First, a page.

Fidelity's FIGFX Makes the Case for Investing Overseas

Fidelity International Growth fund tends to thrive during stretches of market uncertainty.

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A portfolio without foreign stocks would be like "fighting an investment battle with one arm tied behind your back," says Jed Weiss. He's biased, of course, as manager of Fidelity International Growth (FIGFX (opens in new tab)) fund. But he has a point: Foreign stocks make up about half of the global stock market.

Over the past 12 months, International Growth, a member of the Kiplinger 25, gained 28.7%, trailing the 30.9% return of the MSCI EAFE Index, which tracks foreign stocks in developed countries. The fund shone for most of the year, but November and December were a challenge.

That's not surprising: The fund tends to thrive during stretches of market uncertainty, thanks to Weiss's penchant for what he calls share gainers – financially healthy companies with strong positions in their industry that can raise or keep prices steady even in troubled times. Semiconductor companies such as ASML Holding (ASML (opens in new tab)), Lam Research (LRCX (opens in new tab)), Lasertec (LSRCY (opens in new tab)) and Taiwan Semiconductor Manufacturing (TSM (opens in new tab)) were among the fund's big winners over the past year.

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But when the stock market makes a sharp upward turn, the fund typically lags. That's what happened in late 2020. The approval of two COVID-19 vaccines fueled a shift in market sentiment away from steady Eddies. As a result, some fund holdings that had done well earlier in the year suddenly became laggards, including Roche (RHHBY (opens in new tab)) and Nestlé (NSRGY (opens in new tab)), defensive businesses with strong balance sheets.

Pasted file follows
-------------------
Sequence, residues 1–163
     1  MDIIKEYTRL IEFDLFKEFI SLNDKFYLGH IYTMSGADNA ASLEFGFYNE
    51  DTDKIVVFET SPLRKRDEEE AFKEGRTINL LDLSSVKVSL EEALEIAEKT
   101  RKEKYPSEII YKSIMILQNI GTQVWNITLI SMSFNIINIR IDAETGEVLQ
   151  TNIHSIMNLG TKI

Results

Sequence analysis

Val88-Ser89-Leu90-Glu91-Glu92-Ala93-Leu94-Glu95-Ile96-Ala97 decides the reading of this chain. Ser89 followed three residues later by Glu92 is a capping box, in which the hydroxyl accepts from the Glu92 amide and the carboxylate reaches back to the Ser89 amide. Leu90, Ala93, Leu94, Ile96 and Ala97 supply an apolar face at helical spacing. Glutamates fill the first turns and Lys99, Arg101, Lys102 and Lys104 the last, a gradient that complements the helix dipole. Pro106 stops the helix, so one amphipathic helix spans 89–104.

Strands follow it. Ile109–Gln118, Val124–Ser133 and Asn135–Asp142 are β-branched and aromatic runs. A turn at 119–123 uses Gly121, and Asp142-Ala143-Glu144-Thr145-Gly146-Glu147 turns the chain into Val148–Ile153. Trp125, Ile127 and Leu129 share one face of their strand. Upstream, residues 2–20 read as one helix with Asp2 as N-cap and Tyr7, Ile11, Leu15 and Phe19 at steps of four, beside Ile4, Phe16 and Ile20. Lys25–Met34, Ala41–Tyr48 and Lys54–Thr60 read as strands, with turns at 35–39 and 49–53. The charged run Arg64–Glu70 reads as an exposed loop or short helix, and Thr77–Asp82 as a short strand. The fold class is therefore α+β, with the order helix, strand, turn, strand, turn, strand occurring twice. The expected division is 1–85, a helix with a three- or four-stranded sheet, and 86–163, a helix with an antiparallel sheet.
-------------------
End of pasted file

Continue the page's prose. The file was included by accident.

A Tilt Toward Survivors

Life is returning to normal now, and that bodes well for International Growth.

"The market has started to focus on firms that will come through this period stronger, and that's what my investment process is geared toward," says Weiss.

He's upbeat about luxury companies that have gained market share. "Not all did well," says Weiss. LVMH Moët Hennessy Louis Vuitton (LVMUY (opens in new tab)) is a top holding. Weiss sees opportunities, too, in hard-hit industries such as aerospace and commercial catering. Earlier this year, he picked up shares in the U.K. catering company Compass Group (CMPGY (opens in new tab)).

Weiss's focus on market-share gainers has served investors well. The fund's five-year annualized return, 14.3%, beat the 10.6% annual return of the MSCI EAFE Index.

Nellie S. Huang
Senior Associate Editor, Kiplinger's Personal Finance

Nellie joined Kiplinger in August 2011 after a seven-year stint in Hong Kong. There, she worked for the Wall Street Journal Asia, where as lifestyle editor, she launched and edited Scene Asia, an online guide to food, wine, entertainment and the arts in Asia. Prior to that, she was an editor at Weekend Journal, the Friday lifestyle section of the Wall Street Journal Asia. Kiplinger isn't Nellie's first foray into personal finance: She has also worked at SmartMoney (rising from fact-checker to senior writer), and she was a senior editor at Money.